The emerging paradigm for operational incident investigation
Investigating operational incidents in a military context : law, justice, politics
Leiden ; Boston : Brill Nijhoff, 2015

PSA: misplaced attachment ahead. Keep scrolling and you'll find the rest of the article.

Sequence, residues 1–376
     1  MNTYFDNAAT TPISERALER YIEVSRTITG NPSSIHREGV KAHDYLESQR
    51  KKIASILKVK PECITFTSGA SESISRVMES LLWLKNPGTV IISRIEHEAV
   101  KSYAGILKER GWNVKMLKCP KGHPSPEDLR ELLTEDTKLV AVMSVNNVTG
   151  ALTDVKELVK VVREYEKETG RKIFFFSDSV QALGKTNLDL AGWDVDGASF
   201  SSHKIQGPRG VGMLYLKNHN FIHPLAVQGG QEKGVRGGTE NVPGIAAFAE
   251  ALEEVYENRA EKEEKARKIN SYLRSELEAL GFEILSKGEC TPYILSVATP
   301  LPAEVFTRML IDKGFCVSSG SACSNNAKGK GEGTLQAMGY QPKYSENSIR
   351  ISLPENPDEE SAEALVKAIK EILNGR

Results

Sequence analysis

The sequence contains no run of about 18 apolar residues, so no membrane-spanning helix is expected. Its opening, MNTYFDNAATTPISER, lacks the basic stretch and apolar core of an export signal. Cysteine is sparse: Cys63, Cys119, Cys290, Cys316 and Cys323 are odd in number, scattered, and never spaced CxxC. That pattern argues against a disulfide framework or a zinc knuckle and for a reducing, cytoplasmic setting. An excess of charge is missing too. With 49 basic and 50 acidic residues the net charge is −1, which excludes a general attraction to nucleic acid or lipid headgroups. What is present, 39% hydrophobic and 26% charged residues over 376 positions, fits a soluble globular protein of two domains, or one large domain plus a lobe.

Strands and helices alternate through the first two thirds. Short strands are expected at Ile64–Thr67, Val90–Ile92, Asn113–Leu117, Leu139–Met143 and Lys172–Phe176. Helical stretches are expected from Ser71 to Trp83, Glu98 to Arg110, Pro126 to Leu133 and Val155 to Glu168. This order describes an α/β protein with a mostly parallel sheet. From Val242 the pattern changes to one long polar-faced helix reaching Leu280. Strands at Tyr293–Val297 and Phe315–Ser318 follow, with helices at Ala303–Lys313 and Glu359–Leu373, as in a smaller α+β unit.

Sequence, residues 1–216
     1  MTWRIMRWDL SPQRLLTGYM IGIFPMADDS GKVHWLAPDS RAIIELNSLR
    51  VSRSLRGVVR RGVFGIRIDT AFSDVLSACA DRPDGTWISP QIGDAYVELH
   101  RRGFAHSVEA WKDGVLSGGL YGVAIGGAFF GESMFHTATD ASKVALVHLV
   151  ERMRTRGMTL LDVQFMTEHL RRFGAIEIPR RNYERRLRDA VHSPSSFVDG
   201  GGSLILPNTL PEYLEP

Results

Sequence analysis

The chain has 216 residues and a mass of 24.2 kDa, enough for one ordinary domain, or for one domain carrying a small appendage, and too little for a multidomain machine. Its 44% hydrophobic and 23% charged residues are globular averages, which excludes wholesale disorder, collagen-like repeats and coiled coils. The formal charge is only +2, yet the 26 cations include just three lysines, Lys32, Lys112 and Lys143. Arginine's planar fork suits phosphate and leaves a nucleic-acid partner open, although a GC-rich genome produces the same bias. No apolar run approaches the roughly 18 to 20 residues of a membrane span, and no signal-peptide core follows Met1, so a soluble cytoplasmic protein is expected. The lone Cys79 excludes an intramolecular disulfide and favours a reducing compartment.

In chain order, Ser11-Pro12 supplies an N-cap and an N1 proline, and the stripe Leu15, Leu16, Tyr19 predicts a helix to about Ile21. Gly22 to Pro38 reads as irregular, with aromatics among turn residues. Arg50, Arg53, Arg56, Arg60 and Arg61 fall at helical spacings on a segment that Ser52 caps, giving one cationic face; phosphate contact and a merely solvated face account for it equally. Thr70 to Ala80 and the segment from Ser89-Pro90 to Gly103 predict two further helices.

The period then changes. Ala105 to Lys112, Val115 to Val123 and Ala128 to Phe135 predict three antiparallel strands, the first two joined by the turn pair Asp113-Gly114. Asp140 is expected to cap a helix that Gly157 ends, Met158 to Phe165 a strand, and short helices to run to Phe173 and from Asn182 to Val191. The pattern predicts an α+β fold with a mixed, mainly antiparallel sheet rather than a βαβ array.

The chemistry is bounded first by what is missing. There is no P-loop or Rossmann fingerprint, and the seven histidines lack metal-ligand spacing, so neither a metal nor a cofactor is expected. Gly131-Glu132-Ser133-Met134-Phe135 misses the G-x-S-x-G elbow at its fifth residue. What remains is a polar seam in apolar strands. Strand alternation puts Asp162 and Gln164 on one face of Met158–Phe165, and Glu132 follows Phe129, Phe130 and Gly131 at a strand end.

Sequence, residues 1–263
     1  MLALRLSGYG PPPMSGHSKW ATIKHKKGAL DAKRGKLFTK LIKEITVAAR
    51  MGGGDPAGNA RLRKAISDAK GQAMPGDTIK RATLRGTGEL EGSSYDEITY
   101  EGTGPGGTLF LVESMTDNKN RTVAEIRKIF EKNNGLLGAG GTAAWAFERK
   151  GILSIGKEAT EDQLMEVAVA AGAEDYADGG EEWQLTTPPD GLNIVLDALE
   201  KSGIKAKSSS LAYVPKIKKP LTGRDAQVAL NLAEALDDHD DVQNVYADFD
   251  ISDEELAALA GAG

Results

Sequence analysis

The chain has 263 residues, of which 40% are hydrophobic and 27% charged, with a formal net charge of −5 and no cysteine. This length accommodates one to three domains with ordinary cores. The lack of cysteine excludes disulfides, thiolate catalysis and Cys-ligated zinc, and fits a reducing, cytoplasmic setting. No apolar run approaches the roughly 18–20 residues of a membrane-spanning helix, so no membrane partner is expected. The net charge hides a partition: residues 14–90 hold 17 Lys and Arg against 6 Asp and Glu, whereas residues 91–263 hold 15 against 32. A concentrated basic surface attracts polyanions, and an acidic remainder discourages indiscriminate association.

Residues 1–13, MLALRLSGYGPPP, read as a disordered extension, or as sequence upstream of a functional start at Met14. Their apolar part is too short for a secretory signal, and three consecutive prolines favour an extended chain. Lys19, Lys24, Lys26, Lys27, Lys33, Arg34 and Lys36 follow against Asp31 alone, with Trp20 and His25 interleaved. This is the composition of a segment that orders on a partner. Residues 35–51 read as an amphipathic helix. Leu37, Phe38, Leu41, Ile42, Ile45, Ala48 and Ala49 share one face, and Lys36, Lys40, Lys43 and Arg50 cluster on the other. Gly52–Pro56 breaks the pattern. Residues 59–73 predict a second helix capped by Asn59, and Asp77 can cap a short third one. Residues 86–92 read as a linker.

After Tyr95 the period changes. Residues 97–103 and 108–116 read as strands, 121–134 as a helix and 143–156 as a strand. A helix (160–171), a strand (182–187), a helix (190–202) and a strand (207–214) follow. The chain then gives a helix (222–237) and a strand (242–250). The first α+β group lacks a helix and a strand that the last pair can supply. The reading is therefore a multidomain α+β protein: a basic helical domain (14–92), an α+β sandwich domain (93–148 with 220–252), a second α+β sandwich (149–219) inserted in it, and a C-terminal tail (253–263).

In this closing chapter Rob Mc Laughlin considers the following questions: what can we learn about the proper conduct of investigations into operational incidents from recent cases, and what does the future hold for legal and military authorities in this area? The key influences over the evolution of investigations in this area are the expansion of the pool of relevant law, the development of technology that enables better communication of information and gathering of evidence (while at the same time raising unrealistic expectations that military operation should be error-free), the greater contribution by NGOs of various sorts, and finally the interconnectedness of states in operational matters which gives rise to even greater complexity (of law, and interested parties) in the investigatory process. There are three features of investigations that the author believes will characterize developments in the next decade and beyond. First, there will be greater demands for transparency of investigations, including about who conducted the investigation, and how. Second, the scope of what counts as an "operational incident" will continue to expand, to encompass the sources of information and intelligence that led to an operation, and other parts of its planning. And third, investigations will remain open-ended, in the sense that both facts and findings may be revisited formally again and again.